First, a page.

The Minority That Still Fights to Be Acknowledged

Martha Wyatt-Luth ‘25

Opinions Editor

Photo courtesy of Amir Cohen, Reuters

On Monday, Nov. 1, the Israeli Minister, Karine Elharrar, was unable to attend the United Nations annual climate summit (COP26) in Glasgow, Scotland. This was not because of COVID-19 precautions; rather, it was because the world-renowned conference was wheelchair inaccessible. Suffering from muscular dystrophy, Elharrar fully depends on the ability to use her wheelchair for public events. When she arrived, she attempted to access the event through numerous entrances, all of which were unable to provide appropriate accommodations. With the U.K having the responsibility of hosting, Britain’s environment secretary, George Eustice, defended the event saying “most of the other entrances” had accessibility for wheelchairs, but he did not specify how far away they were. Later it was revealed Elharrar would have had to resort to either walking or boarding a shuttle that was not designed to admit wheelchairs. After a couple of hours of trying, she had no choice but to leave the conference. Soon after this occurred, Elharrar wrote on Twitter, “It is sad that the U.N. that advances accessibility to people with disabilities, in the year 2021, does not ensure accessibility to its events.” Unfortunately, this phenomenon is not exclusive to the United Nations.

It is painfully obvious how hypocritical the U.N. looked to the public at this conference.  For an organization that stands beyond liberating and protecting individuals, especially those of minorities, the mission was definitely lost in communication when executing this event. Even several of the attendees seemed unenthused and apathetic for the cause. A viral photo taken at the summit exposes the British Prime Minister, Boris Johnson, asleep and maskless. The Prime Minister is even sitting next to 95-year-old Sir David Attenborough, a proud environmental activist, historian, and famed writer of earth documentaries, among countless other accolades. 

Speakers at the summit kept repeating variations of the sentiment that it is time to change the way the world has been approaching the climate crisis. However, they still held the annual summit the exact same way they always do. As youth political activist Greta Thunberg put it, “It should be obvious that we cannot solve a crisis with the same methods that got us into it in the first place.” Thunberg promoted the radical options of cutting emissions “unlike anything the world has ever seen.” But getting a group of industrialized countries to agree to an immediate and drastic emissions cut is unlikely without accessible substitute forms of energy that would avoid crippling the countries’ GDP. The myriad of passionate climate activist speakers at the event seemed to be white noise for the audience.

Beyond a lack of action to combat climate change, this U.N. conference seemed to reflect the gaping hole in rights and benefits still needed for minorities, such as people living with a mental or physical disability. Accessibility for the disabled is quite lacking in predominantly developing countries and the poorer European countries. America is a role model for the world in this regard thanks to the Disability Rights movement sparked in the seventies. It brought about numerous essential pieces of legislation, such as the Americans with Disabilities Act and the Individuals with Disabilities Education Act. But it wasn’t that long ago when even the U.S. was completely disregarding the rights entitled to people with disabilities. Spearheaded by American disability rights activists, such as Judy Heummann, the movement grew throughout the last quarter of the twentieth century. The Disabilities Rights revolution was a compliment to the Feminist and Civil Rights revolutions that were fighting for the freedom of other minorities. One documentary that encapsulates this movement well is the Netflix Original documentary Crip Camp. It’s an eye-opening, heartbreaking, and inspirational film about the traumatic life people with disabilities were subject to in America prior to the revolution and the arduous fight they won against the American legal system.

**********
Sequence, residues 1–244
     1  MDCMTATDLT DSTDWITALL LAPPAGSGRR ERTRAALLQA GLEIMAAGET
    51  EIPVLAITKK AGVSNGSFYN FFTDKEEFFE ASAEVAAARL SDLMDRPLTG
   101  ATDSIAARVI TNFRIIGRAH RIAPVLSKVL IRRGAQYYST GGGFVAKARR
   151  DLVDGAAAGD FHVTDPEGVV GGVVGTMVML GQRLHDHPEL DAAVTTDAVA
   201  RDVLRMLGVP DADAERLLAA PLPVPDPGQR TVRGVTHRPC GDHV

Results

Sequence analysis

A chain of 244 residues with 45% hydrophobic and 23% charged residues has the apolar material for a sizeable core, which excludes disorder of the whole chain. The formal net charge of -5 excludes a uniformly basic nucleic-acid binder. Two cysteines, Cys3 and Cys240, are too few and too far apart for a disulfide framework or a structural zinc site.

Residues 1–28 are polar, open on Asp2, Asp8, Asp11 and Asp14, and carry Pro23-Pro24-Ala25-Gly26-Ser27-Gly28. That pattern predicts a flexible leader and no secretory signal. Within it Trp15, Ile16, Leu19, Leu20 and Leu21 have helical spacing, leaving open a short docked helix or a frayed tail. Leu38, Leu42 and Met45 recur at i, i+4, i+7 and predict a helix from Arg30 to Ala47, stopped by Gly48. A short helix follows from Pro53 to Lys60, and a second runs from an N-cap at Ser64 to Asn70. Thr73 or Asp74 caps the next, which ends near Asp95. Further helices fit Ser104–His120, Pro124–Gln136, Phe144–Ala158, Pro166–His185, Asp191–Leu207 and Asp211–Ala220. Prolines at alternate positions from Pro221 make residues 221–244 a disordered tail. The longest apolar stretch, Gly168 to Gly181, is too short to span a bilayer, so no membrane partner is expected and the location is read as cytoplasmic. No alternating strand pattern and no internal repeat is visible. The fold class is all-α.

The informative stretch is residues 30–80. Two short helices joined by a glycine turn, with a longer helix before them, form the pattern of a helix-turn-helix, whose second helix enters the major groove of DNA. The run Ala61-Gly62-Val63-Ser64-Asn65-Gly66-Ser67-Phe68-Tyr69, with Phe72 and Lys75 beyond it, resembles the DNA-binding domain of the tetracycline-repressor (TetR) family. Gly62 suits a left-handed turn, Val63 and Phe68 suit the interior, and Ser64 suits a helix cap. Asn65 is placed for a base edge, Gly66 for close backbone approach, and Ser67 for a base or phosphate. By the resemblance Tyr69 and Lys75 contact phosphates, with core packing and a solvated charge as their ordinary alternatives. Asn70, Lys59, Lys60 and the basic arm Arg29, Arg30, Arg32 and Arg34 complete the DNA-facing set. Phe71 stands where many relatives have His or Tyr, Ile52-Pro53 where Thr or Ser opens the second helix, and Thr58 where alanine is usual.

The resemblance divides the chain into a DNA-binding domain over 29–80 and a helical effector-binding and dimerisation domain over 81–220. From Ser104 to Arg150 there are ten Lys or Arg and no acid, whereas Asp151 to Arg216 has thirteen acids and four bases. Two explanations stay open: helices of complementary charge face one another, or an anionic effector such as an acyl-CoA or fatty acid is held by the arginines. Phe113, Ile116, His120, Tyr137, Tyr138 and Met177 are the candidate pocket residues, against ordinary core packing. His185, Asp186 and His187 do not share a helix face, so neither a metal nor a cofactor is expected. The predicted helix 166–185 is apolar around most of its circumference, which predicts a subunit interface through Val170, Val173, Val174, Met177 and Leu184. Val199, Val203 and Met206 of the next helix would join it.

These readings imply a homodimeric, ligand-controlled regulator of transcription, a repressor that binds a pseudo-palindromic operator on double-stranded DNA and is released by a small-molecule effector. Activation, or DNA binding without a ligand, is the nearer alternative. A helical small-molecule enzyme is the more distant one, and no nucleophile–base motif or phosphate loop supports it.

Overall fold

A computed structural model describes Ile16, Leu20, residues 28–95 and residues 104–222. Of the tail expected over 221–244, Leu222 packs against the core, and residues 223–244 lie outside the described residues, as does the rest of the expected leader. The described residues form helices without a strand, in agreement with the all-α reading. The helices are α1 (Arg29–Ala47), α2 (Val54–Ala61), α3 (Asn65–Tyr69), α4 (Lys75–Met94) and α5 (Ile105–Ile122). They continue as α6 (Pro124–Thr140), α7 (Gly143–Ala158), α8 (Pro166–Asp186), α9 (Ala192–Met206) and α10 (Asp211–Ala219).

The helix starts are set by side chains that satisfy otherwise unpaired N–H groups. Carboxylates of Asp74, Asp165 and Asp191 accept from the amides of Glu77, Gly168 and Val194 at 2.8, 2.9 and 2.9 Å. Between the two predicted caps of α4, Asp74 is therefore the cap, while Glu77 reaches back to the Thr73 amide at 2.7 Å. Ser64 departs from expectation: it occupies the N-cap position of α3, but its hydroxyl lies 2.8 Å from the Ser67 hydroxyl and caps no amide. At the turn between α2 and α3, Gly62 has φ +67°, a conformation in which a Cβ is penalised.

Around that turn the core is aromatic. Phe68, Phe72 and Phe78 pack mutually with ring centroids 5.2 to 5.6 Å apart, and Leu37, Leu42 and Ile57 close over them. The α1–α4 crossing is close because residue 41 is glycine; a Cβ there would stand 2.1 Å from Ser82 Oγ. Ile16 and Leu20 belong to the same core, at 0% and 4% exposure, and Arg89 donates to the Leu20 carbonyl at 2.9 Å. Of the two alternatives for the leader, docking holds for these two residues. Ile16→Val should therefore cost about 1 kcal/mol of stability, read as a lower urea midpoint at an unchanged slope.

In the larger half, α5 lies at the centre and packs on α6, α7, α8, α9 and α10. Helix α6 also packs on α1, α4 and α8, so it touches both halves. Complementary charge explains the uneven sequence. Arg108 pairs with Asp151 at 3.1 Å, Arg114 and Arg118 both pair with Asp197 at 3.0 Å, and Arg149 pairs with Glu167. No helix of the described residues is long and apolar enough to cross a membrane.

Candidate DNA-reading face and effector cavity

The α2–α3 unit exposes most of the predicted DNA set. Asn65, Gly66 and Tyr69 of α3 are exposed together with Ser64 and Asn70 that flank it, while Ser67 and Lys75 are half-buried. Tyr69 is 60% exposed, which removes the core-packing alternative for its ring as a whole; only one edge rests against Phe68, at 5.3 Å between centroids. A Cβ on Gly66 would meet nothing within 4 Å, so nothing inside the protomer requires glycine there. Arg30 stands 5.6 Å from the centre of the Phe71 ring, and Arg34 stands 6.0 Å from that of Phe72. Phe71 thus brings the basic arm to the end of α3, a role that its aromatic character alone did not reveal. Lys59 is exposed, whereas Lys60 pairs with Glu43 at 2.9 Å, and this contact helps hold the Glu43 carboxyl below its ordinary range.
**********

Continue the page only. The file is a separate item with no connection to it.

The lack of accessibility and protection for individuals with disabilities is quite a pressing issue with, according to the U.N., over one billion people in the world living with a disability. Even more concerning, the gap between living conditions for individuals with disabilities in industrial versus developing countries is substantial. The U.N. estimates, “In developing countries, 80% to 90% of persons with disabilities of working age are unemployed, whereas in industrialized countries the figure is between 50% and 70%.” Barriers for individuals with disabilities entering the workforce are often not of legislation, rather, they are because of social prejudices. As Gillian Marescia, associate for the disability division in South Africa remarks, “The real obstacle lies with employers. Many are still hesitant to take on employees with disabilities because they believe they may create problems in the workplace.” 

So it is saddening, but not surprising, that the Israeli Minister Karine Elharar was stopped short of participating in day one of the climate summit. It merely opened the public’s eye once more to the inaccessibility and discrimination that people with disabilities still experience in the twenty-first century. Most people that read about that incident will agree with how unjust Elharar was treated, but few people are willing to fight for systemic change. The U.N. should consider this incident a sign that more work should be done in fighting for the needs and rights of individuals living with disabilities.

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